Chevrolet launched its track-only COPO Camaro in 2012, but this year stands above the rest for two reasons. First off, there’s a massive big-block engine option offered for the very first time. And second, there are no limits on production, so if you want a COPO, you should be able to get one. There could be more to all of this than meets the eye, which we’ll talk about in a bit.
Drag racers know all about the COPO, but for the rest, here’s a summary. In 1969, a few Chevy dealerships used the automaker’s Central Office Production Order (COPO) system to special-order Camaros with options and engines you normally couldn’t get. 69 cars were built in that one (and only) year, but Chevy revived the COPO Camaro for 2012 as a dedicated turn-key drag racer that’s decidedly not street legal.
save over $3,400 on average off MSRP* on a new Chevrolet Camaro
For 2022, engine options now include Chevy’s massive 572 cubic-inch (9.4-liter) V8. It’s the first time this big block has graced the modern COPO Camaro, and while we’d love to tell you how much power it creates, Chevy tells us an exact figure hasn’t been certified with the National Hot Rod Association (NHRA) just yet. However, perusing the crate engines available from General Motors, the 572 is offered in different variations ranging from 621 to nearly 700 horsepower (463 – 522 kilowatts) so it will likely fall somewhere in that range.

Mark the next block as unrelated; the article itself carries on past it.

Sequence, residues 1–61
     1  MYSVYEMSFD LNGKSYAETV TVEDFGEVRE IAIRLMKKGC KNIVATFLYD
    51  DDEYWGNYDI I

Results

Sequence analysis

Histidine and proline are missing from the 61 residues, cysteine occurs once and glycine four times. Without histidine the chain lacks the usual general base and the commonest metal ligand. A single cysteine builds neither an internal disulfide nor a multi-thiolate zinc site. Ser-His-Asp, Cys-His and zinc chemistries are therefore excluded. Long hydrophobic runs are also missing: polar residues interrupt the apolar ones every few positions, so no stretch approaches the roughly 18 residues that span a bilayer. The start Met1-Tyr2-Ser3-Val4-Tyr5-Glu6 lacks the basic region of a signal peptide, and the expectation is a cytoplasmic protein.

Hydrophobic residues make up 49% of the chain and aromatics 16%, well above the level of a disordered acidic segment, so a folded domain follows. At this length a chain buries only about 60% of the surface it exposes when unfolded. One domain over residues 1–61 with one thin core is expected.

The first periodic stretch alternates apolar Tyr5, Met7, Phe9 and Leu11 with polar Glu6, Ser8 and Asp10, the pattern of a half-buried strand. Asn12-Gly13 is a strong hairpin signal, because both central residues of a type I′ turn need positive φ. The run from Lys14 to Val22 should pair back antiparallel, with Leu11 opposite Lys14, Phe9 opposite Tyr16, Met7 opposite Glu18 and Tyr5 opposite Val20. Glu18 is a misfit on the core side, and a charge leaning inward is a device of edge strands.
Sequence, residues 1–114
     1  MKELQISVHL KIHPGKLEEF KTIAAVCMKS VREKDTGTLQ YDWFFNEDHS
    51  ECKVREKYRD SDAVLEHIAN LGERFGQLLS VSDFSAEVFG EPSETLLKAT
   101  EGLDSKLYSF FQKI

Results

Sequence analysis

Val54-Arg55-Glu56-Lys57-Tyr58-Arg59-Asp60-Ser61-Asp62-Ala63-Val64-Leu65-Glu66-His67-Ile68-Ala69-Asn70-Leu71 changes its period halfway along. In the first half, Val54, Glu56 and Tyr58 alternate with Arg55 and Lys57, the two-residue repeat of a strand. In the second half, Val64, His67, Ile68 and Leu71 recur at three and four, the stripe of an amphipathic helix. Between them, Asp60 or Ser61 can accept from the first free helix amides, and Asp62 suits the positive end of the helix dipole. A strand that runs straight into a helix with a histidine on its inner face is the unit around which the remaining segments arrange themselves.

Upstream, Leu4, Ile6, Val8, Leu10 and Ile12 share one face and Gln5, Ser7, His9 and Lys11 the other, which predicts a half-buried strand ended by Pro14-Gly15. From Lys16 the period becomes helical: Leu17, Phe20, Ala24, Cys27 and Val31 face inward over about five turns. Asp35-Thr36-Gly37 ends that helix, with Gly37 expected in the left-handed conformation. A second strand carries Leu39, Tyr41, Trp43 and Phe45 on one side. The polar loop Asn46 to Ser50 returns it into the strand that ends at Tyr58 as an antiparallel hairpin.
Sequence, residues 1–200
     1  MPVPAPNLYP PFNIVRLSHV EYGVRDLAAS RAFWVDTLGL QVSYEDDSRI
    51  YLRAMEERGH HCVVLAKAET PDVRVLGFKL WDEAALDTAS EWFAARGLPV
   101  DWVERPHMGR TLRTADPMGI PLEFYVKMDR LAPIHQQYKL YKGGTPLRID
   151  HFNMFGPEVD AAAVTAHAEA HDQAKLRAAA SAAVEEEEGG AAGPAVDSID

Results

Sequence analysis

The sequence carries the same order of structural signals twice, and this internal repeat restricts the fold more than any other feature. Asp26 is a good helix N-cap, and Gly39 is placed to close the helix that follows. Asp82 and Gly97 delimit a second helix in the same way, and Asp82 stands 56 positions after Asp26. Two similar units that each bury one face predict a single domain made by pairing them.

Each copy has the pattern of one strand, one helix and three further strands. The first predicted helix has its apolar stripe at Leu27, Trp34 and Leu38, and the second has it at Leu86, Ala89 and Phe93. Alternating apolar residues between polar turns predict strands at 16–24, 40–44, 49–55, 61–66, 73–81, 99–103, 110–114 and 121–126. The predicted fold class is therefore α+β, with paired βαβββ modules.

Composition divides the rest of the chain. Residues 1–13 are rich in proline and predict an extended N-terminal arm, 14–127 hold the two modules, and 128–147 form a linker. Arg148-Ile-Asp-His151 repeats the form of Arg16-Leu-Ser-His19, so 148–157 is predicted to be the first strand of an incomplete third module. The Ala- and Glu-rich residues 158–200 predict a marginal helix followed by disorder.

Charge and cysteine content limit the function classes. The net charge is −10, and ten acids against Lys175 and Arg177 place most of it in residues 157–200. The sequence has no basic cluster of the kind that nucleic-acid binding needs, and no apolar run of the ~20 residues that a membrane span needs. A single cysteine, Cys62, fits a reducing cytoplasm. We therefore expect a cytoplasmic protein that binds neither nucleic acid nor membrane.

If these stats carry over to the COPO, the big block Camaro would slot above the 580-hp (433-kW) supercharged 5.7-liter V8 engine also offered. A naturally aspirated 7.0-liter V8 with 470 hp (350 kW) is available as well.
Honoring the original 1969 COPO Camaro’s run, Chevy builds just 69 examples each year but not for 2022. Now, the automaker will build as many COPOs as there are orders, with no limits. Fewer than 700 have been made since the modern program launched in 2012, but with production now wide open, cars will be assembled on a first-come-first-serve basis until buyers stop coming. Pricing for the 2022 COPO Camaro with the big-block engine starts at $105,000.
Here’s where we can’t help looking a bit deeper at all of this. It’s no secret that sales of the production-model Camaro are dismal and have been for some time. It’s also no secret that Camaro’s existence almost certainly ends with this current generation, but the last model year is still up in the air. We’ve heard 2024 and 2026 tossed out quite often, but with Chevrolet basically pulling out all the stops for the 2022 COPO in terms of power and production, it sure feels like a last gasp before the end. Could 2022 be the end of the COPO Camaro, or the end of all Camaros?
It’s just speculation on our part, but if we wanted to send the Camaro out with a bang, this isn’t a bad way to go. Back it up with a final edition model in the spring of 2022, and prepare the masses for a possible Camaro EV sedan before the end of the decade.